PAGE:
WASHINGTON (Reuters) - For the first time, video footage of U.S. Supreme Court proceedings has been recorded and posted online.
The Supreme Court has always barred any type of cameras, including news media, from recording proceedings.
The video shows a protester who disrupted an oral argument on Wednesday.
The shaky, low-quality video, just over two minutes long, shows a brief disruption that occurred in the courtroom during an oral argument in a patent case. It also appears to show video taken at a separate oral argument, held last October 8 in a campaign-finance dispute, McCutcheon v. Federal Election Commission, that has yet to be decided.
Video cameras, along with any other electronic devices, are not allowed in the courtroom. Still cameras are also not allowed. Spectators are screened by police officers before they are allowed entry to the courtroom.
Although there has never been video recorded before, there are incidents of people taking still photographs. There were two such incidents in the 1930s, according to a 2012 article in Slate, an online magazine.
On Wednesday, a man stood up in the courtroom and spoke out during a patent case, objecting to the Citizens United v. Federal Election Commission ruling from 2010 that cleared the way for increased independent corporate and union spending during federal elections. The court identified him as Noah Newkirk of Los Angeles, California. He can be partially seen and heard in the video footage, which appears to have been shot by someone he was with.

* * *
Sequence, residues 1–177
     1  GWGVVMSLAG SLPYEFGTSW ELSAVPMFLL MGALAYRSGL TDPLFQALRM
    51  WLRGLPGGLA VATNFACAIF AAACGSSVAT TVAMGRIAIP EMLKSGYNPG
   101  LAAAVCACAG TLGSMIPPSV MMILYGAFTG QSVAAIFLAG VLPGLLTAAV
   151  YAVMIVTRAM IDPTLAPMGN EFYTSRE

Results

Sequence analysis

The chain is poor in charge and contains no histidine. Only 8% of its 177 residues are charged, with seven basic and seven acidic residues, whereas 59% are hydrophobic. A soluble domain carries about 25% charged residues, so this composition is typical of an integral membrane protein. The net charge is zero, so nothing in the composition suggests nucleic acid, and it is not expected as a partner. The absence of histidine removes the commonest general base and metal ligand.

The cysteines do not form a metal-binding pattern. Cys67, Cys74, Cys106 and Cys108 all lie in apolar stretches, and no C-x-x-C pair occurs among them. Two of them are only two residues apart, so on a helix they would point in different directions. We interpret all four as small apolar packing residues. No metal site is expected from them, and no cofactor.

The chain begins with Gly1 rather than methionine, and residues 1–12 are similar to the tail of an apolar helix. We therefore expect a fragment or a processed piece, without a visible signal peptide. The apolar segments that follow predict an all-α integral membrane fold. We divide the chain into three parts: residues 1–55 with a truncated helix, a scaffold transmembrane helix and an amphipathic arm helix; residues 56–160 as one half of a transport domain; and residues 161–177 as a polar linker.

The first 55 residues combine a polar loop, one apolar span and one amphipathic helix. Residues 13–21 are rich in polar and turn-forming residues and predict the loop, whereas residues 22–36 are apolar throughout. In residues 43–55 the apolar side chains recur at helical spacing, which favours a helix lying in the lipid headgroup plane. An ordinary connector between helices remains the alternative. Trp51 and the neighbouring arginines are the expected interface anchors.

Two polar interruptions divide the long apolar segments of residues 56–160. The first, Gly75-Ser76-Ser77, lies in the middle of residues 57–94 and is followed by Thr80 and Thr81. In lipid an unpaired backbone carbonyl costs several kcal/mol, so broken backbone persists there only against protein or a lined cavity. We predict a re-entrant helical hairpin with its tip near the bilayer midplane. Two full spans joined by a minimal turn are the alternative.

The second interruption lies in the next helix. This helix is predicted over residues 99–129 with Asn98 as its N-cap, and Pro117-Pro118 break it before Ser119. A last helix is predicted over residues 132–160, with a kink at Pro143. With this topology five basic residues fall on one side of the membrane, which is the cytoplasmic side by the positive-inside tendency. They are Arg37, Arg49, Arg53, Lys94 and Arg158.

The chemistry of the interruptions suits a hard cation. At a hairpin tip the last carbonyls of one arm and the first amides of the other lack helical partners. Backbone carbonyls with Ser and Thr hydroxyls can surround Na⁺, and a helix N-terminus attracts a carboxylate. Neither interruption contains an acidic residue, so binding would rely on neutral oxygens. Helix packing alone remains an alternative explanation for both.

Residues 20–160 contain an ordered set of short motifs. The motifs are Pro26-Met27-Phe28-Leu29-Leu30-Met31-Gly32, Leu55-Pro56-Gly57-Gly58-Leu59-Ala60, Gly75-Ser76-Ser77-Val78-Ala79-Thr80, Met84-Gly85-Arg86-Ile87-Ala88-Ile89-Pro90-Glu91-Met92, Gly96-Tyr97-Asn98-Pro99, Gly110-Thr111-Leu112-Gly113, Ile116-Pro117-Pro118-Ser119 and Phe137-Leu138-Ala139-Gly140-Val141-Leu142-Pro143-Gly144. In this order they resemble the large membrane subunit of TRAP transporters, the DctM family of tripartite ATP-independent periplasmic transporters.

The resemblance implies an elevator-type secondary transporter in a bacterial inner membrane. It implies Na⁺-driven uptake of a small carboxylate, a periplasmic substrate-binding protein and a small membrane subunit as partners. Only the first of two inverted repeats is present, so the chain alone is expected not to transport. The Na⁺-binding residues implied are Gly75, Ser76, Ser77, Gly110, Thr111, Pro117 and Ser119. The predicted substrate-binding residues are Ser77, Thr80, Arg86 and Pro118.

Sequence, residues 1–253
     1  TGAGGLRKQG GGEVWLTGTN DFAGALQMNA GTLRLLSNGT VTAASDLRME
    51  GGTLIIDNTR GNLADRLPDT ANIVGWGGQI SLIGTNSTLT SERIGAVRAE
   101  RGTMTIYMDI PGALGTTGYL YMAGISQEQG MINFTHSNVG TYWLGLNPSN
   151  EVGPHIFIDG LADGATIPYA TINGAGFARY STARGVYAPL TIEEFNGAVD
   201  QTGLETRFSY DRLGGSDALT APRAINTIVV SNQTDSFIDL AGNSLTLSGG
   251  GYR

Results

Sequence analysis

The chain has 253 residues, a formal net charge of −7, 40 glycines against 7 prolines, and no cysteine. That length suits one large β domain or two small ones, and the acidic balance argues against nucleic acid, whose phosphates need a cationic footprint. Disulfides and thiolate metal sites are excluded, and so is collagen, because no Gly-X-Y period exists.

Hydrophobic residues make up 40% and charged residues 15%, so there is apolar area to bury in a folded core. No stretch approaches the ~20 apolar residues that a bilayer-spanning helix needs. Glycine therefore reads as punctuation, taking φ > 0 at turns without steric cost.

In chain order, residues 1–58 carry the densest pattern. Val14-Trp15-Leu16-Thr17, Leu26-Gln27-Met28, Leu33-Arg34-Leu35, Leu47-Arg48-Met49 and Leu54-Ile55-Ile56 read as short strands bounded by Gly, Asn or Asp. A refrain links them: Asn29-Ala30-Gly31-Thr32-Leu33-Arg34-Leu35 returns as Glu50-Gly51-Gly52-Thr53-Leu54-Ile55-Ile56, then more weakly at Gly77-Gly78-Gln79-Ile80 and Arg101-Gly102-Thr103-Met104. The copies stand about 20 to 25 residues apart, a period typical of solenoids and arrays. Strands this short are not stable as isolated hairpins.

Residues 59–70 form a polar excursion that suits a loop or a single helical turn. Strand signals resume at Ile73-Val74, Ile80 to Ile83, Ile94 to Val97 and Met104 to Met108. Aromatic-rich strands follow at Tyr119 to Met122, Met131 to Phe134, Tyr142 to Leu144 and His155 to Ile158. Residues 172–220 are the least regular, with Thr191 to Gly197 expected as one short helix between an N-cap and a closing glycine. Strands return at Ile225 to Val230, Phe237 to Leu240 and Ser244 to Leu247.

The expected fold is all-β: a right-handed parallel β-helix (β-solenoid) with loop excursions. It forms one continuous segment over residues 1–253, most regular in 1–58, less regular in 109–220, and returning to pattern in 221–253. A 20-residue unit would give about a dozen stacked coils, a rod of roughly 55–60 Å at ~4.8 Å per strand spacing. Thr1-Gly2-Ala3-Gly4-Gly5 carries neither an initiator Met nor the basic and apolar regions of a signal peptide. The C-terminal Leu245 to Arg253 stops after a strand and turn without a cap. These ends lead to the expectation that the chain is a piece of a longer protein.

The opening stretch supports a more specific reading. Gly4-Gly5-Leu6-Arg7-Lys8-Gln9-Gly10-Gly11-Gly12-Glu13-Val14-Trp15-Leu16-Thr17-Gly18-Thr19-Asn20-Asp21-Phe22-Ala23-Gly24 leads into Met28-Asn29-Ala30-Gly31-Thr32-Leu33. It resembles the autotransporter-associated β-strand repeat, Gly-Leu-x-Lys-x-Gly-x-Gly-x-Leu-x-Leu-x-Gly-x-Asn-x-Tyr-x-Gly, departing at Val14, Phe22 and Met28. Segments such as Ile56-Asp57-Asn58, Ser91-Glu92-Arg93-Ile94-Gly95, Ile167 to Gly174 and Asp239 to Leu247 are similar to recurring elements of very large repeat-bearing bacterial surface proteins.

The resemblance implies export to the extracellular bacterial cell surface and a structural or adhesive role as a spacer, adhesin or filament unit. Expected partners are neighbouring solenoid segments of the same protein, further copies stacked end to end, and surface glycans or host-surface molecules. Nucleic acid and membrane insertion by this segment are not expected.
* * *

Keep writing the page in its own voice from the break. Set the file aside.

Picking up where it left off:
The video ends with the logo for a group called 99Rise, which says on its website (www.99rise.org) that its aim is to "get big money out of American politics."
Newkirk and other representatives of the group could not immediately be reached for comment.
Police officers removed Newkirk after a brief scuffle. He was charged with violating a law that prohibits “loud threatening or abusive language” in the Supreme Court building.
A court spokeswoman said in an email on Thursday that she was aware of the video.
“Court officials are in the process of reviewing the video and our courtroom screening procedures,” she said. Recording video violates the court’s rules but is not a criminal offense.
The incident could reawaken the debate over whether the court should allow TV cameras to cover proceedings.
Additional reporting by Joan Biskupic; Editing by Howard Goller, Kevin Drawbaugh, Bernard Orr